There always seems to be a million buzz words or phrases flying around in the professional world. One you may have heard of recently is Emotional Intelligence. Whether you have never heard of it before or are eager to learn more, read on!

This post will dive into what EQ is, why it matters, the four competencies, and leave you with some additional resources to get started.

What is Emotional Intelligence (EQ)? 

To understand EQ, we first need to know how our brains work. Everything that you see, smell, hear, taste, and touch travels through your body in the form of electric signals.

These electric signals travel from cell to cell until they reach their final destination – your brain. They enter the brain at the base (near your spinal cord), but they have to get to your frontal lobe (behind your forehead). The frontal lobe is where rational and logical thinking happens. The problem is that they pass through your limbic system along the way. Your emotions are produced here. This journey of electric signals makes it so that we experience things emotionally before our reason can kick into gear.

So, Emotional Intelligence (EQ) is simply the ability to recognize and understand emotions in yourself and others, and your ability to use this awareness to manage your behavior and relationships. It affects how we manage behaviors, navigate social situations, and make decisions.

Why Does EQ Matter?

When you are high in emotional intelligence, you can:

  • Make better decisions under pressure
  • Recognize when emotions are influencing your thinking and judgment
  • Understand and gauge the emotional state of others

And as a leader, you are able to increase employee engagement, retention, and performance because you:

  • Demonstrate the ability to manage your own emotions
  • Can resolve conflict effectively
  • Have enhanced communication skills
  • Are able to stay calm in times of stress

Now that you have a basic understanding of what EQ is and why it matters, let’s dive into the specifics the four competencies!

The Four Competencies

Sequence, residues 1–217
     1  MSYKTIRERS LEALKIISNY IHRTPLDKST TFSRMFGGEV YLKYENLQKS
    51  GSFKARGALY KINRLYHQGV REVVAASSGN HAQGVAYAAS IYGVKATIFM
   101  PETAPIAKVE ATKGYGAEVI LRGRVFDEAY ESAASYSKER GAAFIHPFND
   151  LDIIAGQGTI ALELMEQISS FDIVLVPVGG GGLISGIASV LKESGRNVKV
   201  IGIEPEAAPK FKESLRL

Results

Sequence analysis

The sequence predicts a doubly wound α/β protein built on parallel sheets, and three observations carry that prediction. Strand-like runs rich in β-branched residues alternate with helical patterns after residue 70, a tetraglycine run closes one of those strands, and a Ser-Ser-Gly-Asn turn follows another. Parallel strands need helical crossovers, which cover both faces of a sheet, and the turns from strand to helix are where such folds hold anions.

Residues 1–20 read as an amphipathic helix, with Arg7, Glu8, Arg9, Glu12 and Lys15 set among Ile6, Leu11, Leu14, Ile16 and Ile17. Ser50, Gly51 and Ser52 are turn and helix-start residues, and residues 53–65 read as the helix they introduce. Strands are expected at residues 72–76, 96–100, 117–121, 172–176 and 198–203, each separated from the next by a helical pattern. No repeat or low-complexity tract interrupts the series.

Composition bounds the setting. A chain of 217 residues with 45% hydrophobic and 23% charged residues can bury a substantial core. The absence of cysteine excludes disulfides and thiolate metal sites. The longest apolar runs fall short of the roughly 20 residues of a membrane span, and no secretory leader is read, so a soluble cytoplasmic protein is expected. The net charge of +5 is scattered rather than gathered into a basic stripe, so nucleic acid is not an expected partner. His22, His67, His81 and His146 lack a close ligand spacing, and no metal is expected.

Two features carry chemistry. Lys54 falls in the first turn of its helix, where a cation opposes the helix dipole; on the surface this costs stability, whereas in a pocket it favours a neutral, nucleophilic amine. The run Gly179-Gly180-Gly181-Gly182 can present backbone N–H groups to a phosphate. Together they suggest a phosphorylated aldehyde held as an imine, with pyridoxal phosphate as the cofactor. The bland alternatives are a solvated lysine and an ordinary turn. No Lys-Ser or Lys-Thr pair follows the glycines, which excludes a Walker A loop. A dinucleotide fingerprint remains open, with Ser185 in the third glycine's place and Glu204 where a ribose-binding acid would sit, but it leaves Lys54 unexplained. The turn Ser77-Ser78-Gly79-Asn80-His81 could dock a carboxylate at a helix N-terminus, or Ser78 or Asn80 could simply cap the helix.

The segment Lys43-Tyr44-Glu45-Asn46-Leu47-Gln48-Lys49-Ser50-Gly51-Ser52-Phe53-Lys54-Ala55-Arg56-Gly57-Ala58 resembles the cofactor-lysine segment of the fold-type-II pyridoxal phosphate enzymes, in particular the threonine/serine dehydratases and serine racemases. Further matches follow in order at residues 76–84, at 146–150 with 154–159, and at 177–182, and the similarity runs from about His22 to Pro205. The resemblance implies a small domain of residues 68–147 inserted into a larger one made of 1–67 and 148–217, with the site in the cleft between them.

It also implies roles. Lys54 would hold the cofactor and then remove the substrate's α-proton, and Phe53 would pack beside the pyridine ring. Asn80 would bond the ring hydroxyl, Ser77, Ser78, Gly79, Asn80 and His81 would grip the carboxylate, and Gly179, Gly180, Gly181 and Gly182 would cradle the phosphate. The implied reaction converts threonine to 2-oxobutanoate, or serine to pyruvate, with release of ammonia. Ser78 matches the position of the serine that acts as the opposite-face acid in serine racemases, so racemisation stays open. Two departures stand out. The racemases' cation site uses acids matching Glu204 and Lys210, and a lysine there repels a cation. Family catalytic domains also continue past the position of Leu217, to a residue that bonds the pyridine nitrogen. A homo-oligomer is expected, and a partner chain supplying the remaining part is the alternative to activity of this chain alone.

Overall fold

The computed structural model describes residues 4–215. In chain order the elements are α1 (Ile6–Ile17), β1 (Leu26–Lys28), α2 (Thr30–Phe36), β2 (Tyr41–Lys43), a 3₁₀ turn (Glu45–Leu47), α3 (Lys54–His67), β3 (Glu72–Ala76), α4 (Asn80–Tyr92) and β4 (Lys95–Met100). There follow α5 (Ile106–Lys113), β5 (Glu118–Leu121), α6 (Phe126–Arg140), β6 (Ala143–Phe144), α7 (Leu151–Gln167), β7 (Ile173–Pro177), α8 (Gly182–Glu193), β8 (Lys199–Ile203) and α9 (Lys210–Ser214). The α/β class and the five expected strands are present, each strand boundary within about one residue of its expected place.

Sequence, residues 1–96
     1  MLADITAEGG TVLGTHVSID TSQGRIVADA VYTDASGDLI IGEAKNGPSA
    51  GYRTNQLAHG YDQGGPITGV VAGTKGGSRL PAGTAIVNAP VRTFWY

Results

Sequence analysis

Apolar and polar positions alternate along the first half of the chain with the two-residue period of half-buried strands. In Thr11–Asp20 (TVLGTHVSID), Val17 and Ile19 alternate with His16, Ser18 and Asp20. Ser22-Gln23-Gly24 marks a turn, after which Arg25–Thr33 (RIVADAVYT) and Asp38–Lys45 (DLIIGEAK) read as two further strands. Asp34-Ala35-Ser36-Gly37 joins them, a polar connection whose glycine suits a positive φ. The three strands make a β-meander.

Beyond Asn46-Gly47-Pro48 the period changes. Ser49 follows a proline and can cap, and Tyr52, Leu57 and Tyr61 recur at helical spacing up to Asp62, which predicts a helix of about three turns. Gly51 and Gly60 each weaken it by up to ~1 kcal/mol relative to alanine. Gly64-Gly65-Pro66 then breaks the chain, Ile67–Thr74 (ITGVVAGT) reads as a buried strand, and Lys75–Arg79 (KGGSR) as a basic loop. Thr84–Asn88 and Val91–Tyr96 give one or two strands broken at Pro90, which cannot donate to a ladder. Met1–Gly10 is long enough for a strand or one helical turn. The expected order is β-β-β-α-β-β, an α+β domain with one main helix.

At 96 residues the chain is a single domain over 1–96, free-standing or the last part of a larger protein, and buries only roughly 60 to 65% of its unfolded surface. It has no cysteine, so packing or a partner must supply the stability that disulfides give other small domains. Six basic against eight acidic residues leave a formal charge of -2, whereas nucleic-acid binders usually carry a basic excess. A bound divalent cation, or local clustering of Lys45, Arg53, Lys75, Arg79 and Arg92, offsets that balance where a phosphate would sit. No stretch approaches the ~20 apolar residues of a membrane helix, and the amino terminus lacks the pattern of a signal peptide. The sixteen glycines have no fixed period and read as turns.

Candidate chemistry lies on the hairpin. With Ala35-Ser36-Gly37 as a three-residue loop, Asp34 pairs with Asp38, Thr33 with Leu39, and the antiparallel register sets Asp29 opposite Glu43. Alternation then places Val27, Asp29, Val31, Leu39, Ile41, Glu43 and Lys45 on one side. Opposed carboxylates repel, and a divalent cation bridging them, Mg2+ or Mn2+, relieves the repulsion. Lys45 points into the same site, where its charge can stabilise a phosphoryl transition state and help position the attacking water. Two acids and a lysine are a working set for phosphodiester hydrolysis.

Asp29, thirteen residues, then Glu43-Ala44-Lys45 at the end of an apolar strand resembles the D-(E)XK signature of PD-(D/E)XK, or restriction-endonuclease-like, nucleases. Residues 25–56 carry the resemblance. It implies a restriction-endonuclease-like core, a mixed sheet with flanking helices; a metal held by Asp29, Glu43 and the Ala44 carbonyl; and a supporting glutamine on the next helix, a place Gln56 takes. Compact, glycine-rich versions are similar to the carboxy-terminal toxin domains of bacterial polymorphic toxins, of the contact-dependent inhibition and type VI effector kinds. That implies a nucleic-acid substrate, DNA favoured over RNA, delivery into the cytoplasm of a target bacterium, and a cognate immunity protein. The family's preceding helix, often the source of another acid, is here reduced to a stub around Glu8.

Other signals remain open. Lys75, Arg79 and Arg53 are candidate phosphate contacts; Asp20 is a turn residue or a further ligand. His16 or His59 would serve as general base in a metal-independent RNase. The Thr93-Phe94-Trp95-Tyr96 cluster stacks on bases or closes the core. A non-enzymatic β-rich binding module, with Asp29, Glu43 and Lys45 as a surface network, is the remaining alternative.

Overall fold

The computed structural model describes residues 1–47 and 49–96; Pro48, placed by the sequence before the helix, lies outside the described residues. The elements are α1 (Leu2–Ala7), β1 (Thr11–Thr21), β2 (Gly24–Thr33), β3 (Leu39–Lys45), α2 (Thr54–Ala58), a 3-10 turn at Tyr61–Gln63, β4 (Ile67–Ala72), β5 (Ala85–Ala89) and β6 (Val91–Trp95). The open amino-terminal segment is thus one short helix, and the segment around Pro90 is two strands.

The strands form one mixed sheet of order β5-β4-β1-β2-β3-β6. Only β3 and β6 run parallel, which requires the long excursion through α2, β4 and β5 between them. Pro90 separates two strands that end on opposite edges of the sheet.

The first piece of the personal competencies of EQ is self-awareness. This is your ability to accurately perceive your own emotions in the moment and understand your tendencies across situations. The only way to truly understand your emotions is to think through them to figure out where they come from and why they are there. Because they are your reactions to the world around you, emotions always come from somewhere.

People high in self-awareness understand what they do well, what motivates them and satisfies them, and which people and situations push their buttons. It is not only the first EQ skill, but it is the foundation. When you have it, you can build out your other EQ skills.

The second piece of the personal competencies of EQ is self-management. This is your ability to use your awareness of your emotions to direct your behavior. Self-management is dependent on your self-awareness. Once you recognize what emotions you are feeling, it’s up to you to choose how to act. It’s more than just resisting explosive or problematic behavior. Rather, it’s about managing dependencies over time and applying EQ skills in various situations.

The third piece of the professional competencies of EQ is social awareness. This is your ability to accurately pick up on emotions in other people and understand what is going on with them. Like self-awareness, social awareness is a foundational skill. It’s easy to get caught up in your own emotions and forget to consider the other party’s perspective. Listening and observing are the most critical elements of social awareness.

The final piece of the professional competencies of EQ is relationship management. This is your ability to use your awareness of your own emotions and others to manage interactions successfully. Relationship management is the second piece of professional competency, but this skill isn’t possible without the other three foundational skills: self-awareness, self-management, and social awareness.

Additional Resources

To become the emotionally aware professional you know you are, commit to improving just one area of EQ! The first step is to take a self-assessment of your EQ skills. Then, based on the results, you can decide on one specific area to grow. You can find a link to the book and assessment here: